This week Richard Lacey gave evidence to the public inquiry into BSE. Here he criticises scientists for their continuing ignorance about the disease and warns that 18 million people could fall ill
It is sad that 12 years on from England's first case of mad-cow disease, or bovine spongiform encephalopathy, knowledge of the disease is still scant. I hope that the public inquiry that opened last week will provide answers but, in the popular imagination, there is only horror at the way in which the disease spreads and at the fear created by half-truths and rumours. Is BSE passed from sheep to cows and then to people - causing a new and dreadful variant of the progressive and fatal dementia, Creutzfeldt-Jakob disease? Is it the result of a new type of cannibalism, the eating of meat-eating cattle? Can it turn the human brain soft and spongy? Will it result in an epidemic with millions of fatalities? What bits of the cow are the most fatal? The lack of facts has made the public only more frightened.
Even scientists understand little about the illness. This is partly because it is difficult to develop tests to detect the disease. Unlike all other infectious diseases, transmissible spongiform encephalopathies - of which BSE is one form and CJD probably another - do not provoke an immune response. Because cells do not produce antibodies to resist the infection, as they do in the case of AIDS, tests based on antibody production cannot be set up.
Moreover, the chief cause of TSEs - what is called a prion, a protein that can cause further similar proteins to be produced in cells - is a tough opponent. It is difficult to destroy using disinfectants or sterilising methods.
Tracking the disease is also difficult. There is a long incubation period before the final distressing illnesses of TSEs emerge, and in that period the disease can spread. Unlike HIV, which has a predilection for people, the causative prions of TSEs can probably infect several species, including cats, cattle and humans.
The crucial year was 1985. Before then, TSEs under "natural" conditions had been identified in only six mammals - humans, sheep, goats, mink, elk and deer. Since 1985, TSEs have cropped up in 13 new species, including zoo cats, domestic cats, antelopes and even ostriches. The most significant medical finding has been the discovery of a new type of CJD in humans. The old type of CJD usually manifested itself in people of 65 or older, the final illness lasted about seven months and dementia occurred early on. In the new variety, sufferers have been as young as 16, the illness lasts an average of 14 months and dementia sets in fairly late.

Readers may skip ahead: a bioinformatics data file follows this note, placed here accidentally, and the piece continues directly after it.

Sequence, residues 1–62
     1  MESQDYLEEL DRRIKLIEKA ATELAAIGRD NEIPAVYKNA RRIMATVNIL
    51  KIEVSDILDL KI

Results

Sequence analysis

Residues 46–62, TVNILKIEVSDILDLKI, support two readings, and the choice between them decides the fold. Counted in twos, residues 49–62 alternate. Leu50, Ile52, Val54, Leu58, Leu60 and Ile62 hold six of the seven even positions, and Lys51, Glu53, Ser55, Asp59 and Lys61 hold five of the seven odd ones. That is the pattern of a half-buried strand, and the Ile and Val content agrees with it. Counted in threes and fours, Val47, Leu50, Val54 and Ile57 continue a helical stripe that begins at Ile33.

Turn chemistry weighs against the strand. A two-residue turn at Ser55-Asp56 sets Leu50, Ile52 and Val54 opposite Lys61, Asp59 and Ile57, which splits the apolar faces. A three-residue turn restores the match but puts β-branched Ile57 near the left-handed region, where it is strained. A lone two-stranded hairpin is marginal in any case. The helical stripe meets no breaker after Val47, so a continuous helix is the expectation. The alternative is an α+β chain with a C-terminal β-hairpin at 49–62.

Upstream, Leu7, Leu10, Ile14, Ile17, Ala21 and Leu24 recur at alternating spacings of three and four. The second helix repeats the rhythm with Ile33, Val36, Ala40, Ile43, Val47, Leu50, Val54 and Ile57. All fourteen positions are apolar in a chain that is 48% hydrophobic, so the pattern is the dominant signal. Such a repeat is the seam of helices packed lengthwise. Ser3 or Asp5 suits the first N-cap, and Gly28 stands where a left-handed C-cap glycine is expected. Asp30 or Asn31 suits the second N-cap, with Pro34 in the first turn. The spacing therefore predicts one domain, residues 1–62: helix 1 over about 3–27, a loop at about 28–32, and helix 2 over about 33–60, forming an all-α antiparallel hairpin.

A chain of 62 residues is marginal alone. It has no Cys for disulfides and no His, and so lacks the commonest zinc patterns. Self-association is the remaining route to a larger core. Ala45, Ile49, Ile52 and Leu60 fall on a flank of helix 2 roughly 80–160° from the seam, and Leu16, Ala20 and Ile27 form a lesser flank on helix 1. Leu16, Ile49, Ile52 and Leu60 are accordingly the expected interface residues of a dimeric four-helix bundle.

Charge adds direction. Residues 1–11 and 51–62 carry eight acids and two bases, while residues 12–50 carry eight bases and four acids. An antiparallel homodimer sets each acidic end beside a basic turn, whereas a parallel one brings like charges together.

The inevitable inference is that BSE causes the new variant of CJD (nvCJD), although it is uncertain how the disease jumped from cattle to people. The most likely way is via eating beef products, particularly those containing offal. Drinking milk cannot be ruled out as a cause, even though, in experiments, milk did not transfer the disease to mice.
Where did BSE come from? United States research published in 1994 showed that the disease sheep scrapie did not cause BSE (no similar research was performed in the United Kingdom, a terrible indictment of the authorities at the time). What that meant, and contrary to what was thought until recently, was that cattle's eating of sheep brains was not the cause of BSE. So what was?
One possibility, and I believe this to be the most likely, is that BSE is a variant of a rare similar cattle disease that was responsible for the earlier types of CJD in many countries. That BSE arose initially in the UK would then be a matter of chance, because cannibalistic cattle feeding - cattle being fed the carcasses of other cattle - was widespread in the developed world.
The second possibility is that BSE sprang from the remains of another animal. The culprit could be domestic cats that had been put down by vets, who disposed of their carcasses in rendering plants, which then added the resulting meat and bone meal to cattle feed. TSE in cats is very like BSE. However, the first TSE in a cat was not reported until 1990, making it more likely that infection spread from cattle to cats than the reverse.
Third, it is just possible that human remains entered rendering plants and then passed into cattle feed. It has been reported that human placentas were fed to Swiss cattle, and if BSE was caused by CJD, it might explain why the new variant CJD and BSE are virtually identical. But this is unlikely.
Research has shown that TSE infection can be transferred in several ways: through eating, direct blood contact or from a mother to her offspring before birth via the umbilical cord. Transfer by semen is also theoretically possible. CJD has been acquired by blood transfusion, grafts,transplants and injections into children of contaminated hormones from pituitary glands (growth hormones). It is even possible that buried infected animals might contaminate water supplies.